The Israeli army on Thursday released from mandatory service a 19-year-old Israeli woman who spent over 150 days behind bars after she refused to enlist.
Tair Kaminer — who was the longest held female conscientious objector to date — said she refused to perform compulsory military service because of her opposition to Israel’s nearly 50-year military control over the West Bank and Gaza.
An IDF board said she was being released from army service because she is “unfit due to her severe, bad behavior.”
On July 10, Kaminer’s request to be pardoned from the military was denied. Her case was then brought before a board that decides whether a candidate is fit for service, which subsequently declared her unfit.
Kaminer is now serving her sixth stint in military prison, which is set to end in three weeks time, but she can appeal to be released earlier, the Israeli daily Haaretz reported.
In Israel, military service is mandatory for most Jews, with women required to serve for two years and men for three. Exemptions are given for Israelis with mental health problems, the ultra-Orthodox, and pacifists, the army said. Those who receive exemptions have the option of joining the national service program.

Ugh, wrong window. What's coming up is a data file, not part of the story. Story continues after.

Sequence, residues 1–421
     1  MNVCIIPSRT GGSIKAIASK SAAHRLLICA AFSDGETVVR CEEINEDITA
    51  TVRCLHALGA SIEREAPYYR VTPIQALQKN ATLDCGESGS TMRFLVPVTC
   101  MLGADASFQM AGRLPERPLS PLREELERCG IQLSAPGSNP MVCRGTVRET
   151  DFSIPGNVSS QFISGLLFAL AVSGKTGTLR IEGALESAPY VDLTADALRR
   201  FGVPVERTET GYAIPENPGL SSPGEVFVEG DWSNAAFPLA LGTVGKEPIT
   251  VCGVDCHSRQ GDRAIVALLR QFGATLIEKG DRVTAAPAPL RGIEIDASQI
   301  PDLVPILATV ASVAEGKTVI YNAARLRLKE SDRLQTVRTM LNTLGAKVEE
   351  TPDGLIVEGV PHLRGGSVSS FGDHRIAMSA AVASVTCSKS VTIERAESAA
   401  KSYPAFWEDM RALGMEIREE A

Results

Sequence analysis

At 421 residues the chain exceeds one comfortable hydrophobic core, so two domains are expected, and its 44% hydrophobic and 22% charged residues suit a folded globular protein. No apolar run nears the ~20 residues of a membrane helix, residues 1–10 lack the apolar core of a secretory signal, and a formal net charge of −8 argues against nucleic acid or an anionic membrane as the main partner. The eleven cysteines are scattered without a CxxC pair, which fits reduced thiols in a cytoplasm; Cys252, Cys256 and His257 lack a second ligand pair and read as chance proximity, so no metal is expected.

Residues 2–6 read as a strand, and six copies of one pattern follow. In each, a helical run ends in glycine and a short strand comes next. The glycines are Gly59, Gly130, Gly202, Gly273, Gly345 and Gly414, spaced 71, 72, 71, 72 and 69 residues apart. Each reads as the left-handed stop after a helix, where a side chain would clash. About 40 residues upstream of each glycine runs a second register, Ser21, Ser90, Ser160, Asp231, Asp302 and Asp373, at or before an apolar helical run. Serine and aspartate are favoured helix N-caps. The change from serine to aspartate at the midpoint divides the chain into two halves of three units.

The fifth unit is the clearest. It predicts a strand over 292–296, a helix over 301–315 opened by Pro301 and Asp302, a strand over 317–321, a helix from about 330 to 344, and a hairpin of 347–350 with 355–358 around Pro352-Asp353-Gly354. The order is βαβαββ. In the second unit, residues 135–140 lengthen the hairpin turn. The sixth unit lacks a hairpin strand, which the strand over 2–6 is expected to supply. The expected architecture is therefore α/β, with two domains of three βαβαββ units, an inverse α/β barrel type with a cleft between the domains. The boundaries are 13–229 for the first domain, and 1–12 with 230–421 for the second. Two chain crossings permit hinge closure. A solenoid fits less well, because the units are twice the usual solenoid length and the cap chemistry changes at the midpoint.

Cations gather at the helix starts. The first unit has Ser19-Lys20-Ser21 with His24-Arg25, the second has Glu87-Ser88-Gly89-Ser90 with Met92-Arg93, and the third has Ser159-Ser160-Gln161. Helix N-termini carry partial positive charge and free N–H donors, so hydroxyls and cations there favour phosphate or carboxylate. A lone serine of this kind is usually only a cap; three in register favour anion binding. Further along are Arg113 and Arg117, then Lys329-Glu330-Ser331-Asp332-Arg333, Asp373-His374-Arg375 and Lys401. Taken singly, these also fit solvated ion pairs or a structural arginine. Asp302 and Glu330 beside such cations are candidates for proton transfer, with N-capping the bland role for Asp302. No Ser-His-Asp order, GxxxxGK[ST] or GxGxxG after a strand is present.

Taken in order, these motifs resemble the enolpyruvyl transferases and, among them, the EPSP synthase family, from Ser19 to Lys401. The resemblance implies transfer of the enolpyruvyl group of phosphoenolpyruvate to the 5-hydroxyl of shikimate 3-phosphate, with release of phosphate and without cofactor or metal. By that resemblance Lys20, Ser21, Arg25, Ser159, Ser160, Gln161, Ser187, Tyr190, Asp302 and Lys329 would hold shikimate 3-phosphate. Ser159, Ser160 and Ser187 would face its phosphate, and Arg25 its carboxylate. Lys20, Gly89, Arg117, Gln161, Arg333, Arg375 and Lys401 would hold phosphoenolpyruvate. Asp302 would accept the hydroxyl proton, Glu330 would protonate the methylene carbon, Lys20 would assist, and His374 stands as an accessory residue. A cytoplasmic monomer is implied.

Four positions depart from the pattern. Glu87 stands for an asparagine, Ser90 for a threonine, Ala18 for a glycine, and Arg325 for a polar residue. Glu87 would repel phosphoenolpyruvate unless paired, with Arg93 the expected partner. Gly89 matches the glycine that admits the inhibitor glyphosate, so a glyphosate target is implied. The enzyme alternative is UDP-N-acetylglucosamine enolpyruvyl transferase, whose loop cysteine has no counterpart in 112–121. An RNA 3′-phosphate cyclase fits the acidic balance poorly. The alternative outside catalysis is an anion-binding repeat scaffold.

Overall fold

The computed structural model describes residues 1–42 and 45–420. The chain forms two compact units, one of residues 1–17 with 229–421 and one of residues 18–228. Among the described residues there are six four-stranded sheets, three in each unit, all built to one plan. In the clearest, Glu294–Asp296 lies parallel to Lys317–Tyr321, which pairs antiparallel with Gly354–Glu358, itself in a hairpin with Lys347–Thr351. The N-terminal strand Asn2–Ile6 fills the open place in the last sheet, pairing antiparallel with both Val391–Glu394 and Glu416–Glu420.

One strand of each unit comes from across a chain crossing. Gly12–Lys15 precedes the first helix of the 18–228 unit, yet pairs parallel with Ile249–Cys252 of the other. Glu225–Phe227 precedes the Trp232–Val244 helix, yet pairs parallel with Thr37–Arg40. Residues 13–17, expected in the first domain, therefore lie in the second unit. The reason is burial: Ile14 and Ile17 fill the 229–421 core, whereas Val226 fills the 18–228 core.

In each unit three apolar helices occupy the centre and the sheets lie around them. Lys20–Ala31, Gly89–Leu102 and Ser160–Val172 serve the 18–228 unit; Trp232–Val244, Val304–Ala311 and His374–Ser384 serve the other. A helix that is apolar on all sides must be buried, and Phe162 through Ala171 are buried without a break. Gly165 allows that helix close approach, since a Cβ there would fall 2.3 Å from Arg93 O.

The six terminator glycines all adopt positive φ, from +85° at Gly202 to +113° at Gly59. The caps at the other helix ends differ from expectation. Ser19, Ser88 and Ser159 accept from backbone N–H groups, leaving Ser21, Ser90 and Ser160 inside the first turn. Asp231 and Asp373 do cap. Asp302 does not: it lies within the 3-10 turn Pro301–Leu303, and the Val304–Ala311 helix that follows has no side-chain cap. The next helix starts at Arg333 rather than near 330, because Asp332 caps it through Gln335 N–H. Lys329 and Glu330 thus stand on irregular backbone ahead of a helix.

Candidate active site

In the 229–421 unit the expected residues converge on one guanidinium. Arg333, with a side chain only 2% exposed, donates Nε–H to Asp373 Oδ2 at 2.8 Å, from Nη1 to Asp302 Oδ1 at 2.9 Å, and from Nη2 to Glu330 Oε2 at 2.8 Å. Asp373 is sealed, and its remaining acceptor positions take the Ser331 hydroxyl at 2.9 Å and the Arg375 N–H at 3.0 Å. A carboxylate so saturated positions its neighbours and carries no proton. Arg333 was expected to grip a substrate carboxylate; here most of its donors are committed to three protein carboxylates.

Kaminer has said she would be willing to perform national service.
The soon-to-be released objector said in an earlier interview that she grew up in a home where politics was often discussed, and that she has long opposed Israel’s rule over the West Bank. But her decision not to enlist was cemented while spending a year after high school volunteering with children in Sderot, an Israeli town on the border with the Gaza Strip. Sderot has been hit by thousands of rockets fired from Gaza over the years and has been on the front lines of three Israeli wars against Hamas terrorists.
She said she saw a lot of “hate” among Sderot’s children toward Arabs, and concluded that Palestinian children in Gaza have a “good reason” to feel the same toward Israelis.
“We are creating generations of hate on both sides that will only make the situation worse,” she said. “If we don’t stop it, we must oppose it.”
Mesarvot, a group that assists conscientious objectors, says the longest jail term in history was to a man who was imprisoned for 23 months over a decade ago. In most cases, objectors are eventually deemed unfit to serve and dismissed, it said.
There are typically fewer than 10 such cases a year, the army says.
Agencies contributed to this report.